University of Wisconsin Gameday Football App another Accessibility Disappointment

As I’ve written here previously, I’m an alum of the University of Wisconsin and take pride in having attended the school and my degree. I’m also a sports fan so enjoy following the Wisconsin Badgers and fall Saturdays still remind me of the many rich traditions in Madison that go along with Badger football.

 

Today I noticed a tweet from @BadgerFootball talking about a new Wisconsin Football Gameday app to stay in touch with, as the name implies, happenings during Badger football games and more.

 

In just a few minutes of trying the app with Apple’s VoiceOver—a built-in screen reader on the iOS platform—it is a disappointment to see that the University of Wisconsin has once again failed to pay attention to accessibility. Blog readers can search the archives for my last adventures with the Wisconsin athletic department over accessibility issues with football broadcasts over the internet. The service used back then has once again been replaced and to the University’s credit they did provide me with work arounds when the accessibility issues with the broadcast streaming technology were identified.

 

One can only wonder what processes are or are not in place though to ensure University offerings are accessible. In the gameday app for example, one need only launch the app and use basic VoiceOver gestures of sweeping right to quickly find the accessibility problems. The first items encountered talk about tickets for a game against Northern Iowa. And as a note to UW staff, Northern has a typo in your app where you have it spelled Nothern.

 

After the first two sweep right gestures, all one finds with subsequent gestures of the same type is a series of seven nameless links. It is this basic problem that leads me to wonder about processes to ensure accessibility. Does the University know about VoiceOver? For apps created for the iOS platform, is VoiceOver compatibility a release requirement?

 

The nameless links on the app home screen are not the only issues encountered. As an example, following the second nameless link leads to an area of the app called Gameday. Within the Gameday area is a link for Rosters/Depth.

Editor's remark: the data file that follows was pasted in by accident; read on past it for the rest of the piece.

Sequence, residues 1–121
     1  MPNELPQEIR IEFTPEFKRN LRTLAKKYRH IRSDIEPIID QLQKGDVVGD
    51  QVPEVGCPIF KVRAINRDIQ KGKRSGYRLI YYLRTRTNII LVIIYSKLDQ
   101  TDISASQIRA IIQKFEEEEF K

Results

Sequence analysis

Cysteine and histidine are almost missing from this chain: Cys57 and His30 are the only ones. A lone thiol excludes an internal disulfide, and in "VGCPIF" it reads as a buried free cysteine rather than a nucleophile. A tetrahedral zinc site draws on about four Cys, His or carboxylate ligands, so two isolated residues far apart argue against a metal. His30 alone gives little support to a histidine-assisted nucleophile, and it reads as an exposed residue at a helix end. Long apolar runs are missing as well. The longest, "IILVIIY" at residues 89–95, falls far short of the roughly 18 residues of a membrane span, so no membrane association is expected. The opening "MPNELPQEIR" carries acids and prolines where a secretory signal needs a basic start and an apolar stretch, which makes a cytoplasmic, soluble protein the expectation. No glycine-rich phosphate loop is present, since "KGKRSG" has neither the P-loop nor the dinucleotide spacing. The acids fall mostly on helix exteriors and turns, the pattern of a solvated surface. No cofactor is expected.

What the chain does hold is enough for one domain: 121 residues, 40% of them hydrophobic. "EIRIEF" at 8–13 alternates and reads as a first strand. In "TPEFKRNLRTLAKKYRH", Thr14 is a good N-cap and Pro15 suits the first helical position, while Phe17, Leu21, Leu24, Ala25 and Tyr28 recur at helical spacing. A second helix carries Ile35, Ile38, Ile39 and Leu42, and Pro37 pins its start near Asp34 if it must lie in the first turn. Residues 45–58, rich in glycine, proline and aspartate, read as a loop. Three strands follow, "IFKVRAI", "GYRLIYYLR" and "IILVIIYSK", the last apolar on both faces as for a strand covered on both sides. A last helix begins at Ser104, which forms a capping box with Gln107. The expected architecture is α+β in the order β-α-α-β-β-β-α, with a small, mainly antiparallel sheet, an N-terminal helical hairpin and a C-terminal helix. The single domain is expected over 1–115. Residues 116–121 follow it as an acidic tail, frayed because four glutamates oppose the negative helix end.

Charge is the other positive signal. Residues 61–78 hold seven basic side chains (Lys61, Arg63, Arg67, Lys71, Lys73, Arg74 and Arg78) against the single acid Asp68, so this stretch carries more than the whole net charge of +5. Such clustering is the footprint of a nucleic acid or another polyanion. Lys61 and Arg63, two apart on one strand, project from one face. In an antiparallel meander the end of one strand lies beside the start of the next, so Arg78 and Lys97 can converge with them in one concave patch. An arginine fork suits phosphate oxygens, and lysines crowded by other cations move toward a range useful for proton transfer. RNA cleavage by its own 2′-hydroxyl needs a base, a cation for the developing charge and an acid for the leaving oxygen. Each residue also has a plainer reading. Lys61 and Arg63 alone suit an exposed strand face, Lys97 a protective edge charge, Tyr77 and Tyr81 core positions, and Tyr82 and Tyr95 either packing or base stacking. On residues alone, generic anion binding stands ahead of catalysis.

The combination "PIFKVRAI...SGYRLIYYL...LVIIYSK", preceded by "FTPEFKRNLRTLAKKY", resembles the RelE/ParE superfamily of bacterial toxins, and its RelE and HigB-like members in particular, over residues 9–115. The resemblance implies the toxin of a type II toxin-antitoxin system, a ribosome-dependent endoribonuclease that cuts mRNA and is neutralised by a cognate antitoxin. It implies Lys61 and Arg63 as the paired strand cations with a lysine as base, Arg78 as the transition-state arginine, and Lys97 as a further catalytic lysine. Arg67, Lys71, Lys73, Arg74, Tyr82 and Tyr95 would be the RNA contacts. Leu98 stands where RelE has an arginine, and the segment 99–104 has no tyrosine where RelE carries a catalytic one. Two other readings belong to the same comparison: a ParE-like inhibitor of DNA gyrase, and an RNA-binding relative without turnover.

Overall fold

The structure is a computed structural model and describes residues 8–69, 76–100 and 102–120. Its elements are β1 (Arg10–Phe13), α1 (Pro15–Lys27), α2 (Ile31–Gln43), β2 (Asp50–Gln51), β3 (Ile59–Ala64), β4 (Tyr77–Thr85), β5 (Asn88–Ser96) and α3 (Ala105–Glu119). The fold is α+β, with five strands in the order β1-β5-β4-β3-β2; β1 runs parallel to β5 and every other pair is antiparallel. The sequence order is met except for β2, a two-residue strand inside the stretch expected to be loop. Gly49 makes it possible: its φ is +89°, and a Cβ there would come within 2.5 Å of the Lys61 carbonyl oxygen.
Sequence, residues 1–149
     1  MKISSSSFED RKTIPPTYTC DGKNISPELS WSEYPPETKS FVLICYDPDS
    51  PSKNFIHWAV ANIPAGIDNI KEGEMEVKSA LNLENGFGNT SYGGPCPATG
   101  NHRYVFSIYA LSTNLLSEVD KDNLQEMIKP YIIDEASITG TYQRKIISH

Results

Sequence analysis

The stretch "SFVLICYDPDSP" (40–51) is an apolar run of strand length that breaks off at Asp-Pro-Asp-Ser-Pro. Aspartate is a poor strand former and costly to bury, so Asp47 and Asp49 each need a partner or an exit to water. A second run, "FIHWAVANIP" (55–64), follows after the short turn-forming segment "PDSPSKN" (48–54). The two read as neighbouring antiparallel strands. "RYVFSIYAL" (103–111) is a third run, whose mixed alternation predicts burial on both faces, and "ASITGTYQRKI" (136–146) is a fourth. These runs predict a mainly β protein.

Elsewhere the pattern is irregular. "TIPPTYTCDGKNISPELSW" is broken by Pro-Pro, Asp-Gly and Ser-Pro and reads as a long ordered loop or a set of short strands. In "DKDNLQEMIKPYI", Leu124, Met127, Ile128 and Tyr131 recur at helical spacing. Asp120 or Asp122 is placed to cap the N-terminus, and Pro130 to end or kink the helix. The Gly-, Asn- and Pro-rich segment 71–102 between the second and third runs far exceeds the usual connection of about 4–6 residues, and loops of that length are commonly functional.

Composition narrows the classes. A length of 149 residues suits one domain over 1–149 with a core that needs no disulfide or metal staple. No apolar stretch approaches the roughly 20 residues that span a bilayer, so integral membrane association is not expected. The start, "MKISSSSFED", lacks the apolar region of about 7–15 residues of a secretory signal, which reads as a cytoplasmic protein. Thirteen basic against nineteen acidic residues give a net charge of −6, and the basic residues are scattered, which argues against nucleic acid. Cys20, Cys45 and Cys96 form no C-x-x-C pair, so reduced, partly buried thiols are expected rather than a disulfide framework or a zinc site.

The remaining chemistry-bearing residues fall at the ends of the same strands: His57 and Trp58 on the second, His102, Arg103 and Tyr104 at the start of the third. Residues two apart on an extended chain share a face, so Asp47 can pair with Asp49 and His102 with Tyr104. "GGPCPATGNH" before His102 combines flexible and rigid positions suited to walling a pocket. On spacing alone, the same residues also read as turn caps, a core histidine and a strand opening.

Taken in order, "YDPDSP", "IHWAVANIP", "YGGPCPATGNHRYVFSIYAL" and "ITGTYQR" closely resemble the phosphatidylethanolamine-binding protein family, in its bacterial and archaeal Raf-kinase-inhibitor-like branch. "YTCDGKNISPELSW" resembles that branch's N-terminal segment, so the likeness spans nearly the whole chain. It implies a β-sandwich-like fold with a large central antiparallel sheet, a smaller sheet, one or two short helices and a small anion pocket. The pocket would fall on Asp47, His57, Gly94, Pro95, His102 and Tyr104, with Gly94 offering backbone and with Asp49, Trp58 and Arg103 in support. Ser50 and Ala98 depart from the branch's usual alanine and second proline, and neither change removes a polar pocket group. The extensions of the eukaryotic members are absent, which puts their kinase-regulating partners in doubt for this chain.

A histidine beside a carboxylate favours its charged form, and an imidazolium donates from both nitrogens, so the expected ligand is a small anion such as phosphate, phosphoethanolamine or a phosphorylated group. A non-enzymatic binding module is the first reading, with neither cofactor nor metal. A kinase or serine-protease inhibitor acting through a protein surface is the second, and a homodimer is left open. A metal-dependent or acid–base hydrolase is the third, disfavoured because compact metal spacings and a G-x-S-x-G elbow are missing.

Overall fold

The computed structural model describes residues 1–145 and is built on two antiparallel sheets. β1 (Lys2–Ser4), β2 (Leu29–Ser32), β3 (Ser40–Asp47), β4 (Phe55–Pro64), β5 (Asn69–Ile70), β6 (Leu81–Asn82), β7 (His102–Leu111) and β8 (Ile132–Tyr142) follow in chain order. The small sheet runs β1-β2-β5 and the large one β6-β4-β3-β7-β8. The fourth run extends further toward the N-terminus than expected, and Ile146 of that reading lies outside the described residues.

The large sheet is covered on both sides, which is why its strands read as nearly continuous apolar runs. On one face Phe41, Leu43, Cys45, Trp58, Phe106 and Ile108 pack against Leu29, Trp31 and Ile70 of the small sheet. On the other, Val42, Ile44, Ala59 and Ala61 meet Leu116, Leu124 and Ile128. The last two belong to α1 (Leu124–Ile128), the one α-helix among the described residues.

The team depth chart is exposed as one single object to VoiceOver and even worse, read as first a series of position indications and numbers followed by a list of player names. It is impossible to make sense of and even associate player names with their numbers. Major League Baseball has clearly demonstrated making team rosters readable with VoiceOver can be accomplished in their MLB At Bat iOS app.

 

As just one other example of a basic accessibility issue quickly discovered in the app, there are a series of buttons that appear in many locations. They have names that include “arrow left 72@2x” “arrow right 72@2x” and “but refresh 72@2x”. Obviously one can guess the purposes of these buttons but any reasonable accessibility support of an app would not include such nonsensical names.

 

I’ll start the process of outreach to individuals at Wisconsin. That said, it is a disappointment to see that this level of inaccessibility exists and something released by an institution under multiple legal requirements to support accessibility and an institution that has a publicly stated accessibility policy that would seem to imply that this app fails to comply.

Judge For Yourself, Is Ticketmaster Audio CAPTCHA Usable?

Much has been written about the accessibility challenges posed by CAPTCHA systems on the internet. Today the most common solution to address accessibility for individuals who are blind is to have some sort of audio replacement for the typical visual verification of characters in an image. Shortcomings of this solution aside, this is the system that Ticketmaster uses when you attempt to purchase tickets.

 

Recently I tried to buy tickets to a Seattle Mariners game and was confronted with the latest audio offered by Ticketmaster. The web site allows you to download the audio offered as an MP3 and I challenge anyone to actually decipher any words from this jumble of audio. To my ears this is utterly incomprehensible.

 

I understand the need to mask the audio to some degree but at some point the system still needs to be usable. This simply is not.

 

I hope MLB and Ticketmaster along with those pursuing accessibility improvements from MLB will take note of this problem and push for a change here.